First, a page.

- An arrangement similar, or even identical, to existing EU regulations. This option is preferred by many globally mobile employees, employers and advisers since it represents a level of clarity and direction for businesses. Under this arrangement, it would be anticipated that globally mobile employees would continue to only pay social security in their home countries where an A1 certificate or similar had been issued, depending on what was agreed in the arrangements;
- A more complex arrangement considers a no-deal Brexit and the need for a potentially lengthy period of further negotiation. In this context, the arrangement would likely mean managing social security arrangements between the UK and individual EU countries. This could mean periods during which there is no agreement in place and in the absence of an agreement for any length of time, individuals and their employer face the risk of having to make social security payments in both the home and host countries.
Consequences for Employers and Employees
Some global mobility programs include provisions to ensure that mobile employees are not made worse off by their overseas assignments, albeit many of these programs do not stretch to social security. In this context, in the event of a no-deal Brexit, we may see employers funding social security contributions on behalf of their employees in their host countries, while employees continue to make social security payments solely in their home country. The long-term cost of such a strategy would be prohibitive for many employers, with potential knock-on consequences for the UK, EU, and global business landscapes.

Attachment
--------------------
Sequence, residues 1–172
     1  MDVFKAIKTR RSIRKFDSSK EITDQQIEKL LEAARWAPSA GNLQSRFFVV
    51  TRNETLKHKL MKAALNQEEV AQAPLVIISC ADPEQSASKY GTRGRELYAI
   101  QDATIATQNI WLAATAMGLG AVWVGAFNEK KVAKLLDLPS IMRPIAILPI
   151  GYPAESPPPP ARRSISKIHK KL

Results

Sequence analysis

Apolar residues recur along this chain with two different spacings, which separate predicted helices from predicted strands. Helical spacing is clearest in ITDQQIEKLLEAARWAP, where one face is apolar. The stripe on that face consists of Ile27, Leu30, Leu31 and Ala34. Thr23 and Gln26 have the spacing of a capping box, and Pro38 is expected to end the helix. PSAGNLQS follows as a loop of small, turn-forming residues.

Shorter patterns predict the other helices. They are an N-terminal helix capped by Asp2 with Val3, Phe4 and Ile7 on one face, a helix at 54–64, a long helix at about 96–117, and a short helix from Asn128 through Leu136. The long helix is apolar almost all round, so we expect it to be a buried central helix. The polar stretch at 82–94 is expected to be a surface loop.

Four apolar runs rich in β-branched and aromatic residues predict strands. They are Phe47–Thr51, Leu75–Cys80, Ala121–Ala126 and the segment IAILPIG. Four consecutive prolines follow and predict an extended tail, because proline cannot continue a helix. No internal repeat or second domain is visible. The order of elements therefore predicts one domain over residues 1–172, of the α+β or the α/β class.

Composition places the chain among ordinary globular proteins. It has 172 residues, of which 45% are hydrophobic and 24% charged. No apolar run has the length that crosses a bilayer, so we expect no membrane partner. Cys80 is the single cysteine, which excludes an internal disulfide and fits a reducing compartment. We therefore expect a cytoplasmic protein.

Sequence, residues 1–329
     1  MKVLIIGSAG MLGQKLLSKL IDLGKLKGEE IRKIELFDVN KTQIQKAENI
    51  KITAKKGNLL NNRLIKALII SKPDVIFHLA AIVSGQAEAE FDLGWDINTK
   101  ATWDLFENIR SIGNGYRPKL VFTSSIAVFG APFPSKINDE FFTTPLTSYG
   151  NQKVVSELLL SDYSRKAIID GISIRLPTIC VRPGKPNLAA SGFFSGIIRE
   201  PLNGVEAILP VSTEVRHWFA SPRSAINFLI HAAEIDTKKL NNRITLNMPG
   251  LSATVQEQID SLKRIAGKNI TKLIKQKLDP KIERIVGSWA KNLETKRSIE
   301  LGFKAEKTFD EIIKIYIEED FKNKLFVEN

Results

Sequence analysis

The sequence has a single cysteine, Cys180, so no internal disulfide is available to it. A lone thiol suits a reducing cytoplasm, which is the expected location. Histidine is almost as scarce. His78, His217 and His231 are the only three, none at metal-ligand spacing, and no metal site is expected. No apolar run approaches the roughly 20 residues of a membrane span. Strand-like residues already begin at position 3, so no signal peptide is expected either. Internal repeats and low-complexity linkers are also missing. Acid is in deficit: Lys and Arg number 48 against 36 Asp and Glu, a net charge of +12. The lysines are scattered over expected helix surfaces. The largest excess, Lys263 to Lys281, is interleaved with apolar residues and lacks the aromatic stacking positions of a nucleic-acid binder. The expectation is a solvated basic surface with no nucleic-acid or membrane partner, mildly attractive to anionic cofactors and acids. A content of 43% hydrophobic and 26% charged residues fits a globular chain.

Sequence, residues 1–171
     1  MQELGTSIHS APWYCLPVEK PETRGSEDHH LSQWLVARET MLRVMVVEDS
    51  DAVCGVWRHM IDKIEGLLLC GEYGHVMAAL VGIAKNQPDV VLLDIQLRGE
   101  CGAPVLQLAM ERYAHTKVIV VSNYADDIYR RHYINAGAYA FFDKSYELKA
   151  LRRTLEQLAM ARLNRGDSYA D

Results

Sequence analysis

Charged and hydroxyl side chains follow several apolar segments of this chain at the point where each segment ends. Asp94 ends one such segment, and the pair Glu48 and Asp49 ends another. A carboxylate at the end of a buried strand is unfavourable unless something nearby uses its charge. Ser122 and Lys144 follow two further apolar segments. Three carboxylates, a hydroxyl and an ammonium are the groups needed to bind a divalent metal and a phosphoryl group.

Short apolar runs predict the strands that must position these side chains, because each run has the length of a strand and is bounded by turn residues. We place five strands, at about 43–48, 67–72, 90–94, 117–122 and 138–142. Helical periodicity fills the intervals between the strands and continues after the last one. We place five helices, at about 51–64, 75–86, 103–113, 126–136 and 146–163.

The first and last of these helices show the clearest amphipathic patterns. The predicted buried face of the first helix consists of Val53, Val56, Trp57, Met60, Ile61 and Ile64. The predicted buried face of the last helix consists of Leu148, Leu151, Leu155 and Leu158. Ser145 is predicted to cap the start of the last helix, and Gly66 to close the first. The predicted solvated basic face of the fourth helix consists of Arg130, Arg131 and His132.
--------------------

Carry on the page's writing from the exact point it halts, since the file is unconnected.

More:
The situation may be equally complicated for employees. The long-term prospect of making double social security contributions means that employees will need to keep track of their payments throughout their time in their host country in order to work out the relevant entitlements when they retire. The resources, time, and effort required to track those contributions might seem unjustified to many employees, given the relatively minimal eventual benefits if they were only on short term assignment to that country.
Whatever certainty or momentum that had been established regarding post-Brexit social security arrangements was significantly shaken by the 2020 coronavirus pandemic. The global crisis has threatened existing Brexit timelines and, while neither the UK government or the EU have made any announcements in this regard, there may be delays in the transition negotiations. Given the challenges facing the UK and the EU, it is easy to see how social security is not a priority issue for either party but, should a Brexit delay be announced, the uncertainty amongst employers and employees could grow significantly.
With many countries only issuing UK touching A1 certificates for periods lasting until the end of the transition period (31 December 2020), the prospect of double social security payments, or some sort of additional A1 application with associated extra costs, is becoming increasingly likely. However, given the number of complicating factors, uncertainties and unknowns currently facing businesses across the world, the situation has the potential to evolve quickly.
Unfortunately, until Brexit negotiations conclude and deliver clarity for businesses, employers in the UK and the EU will continue to have more questions than answers.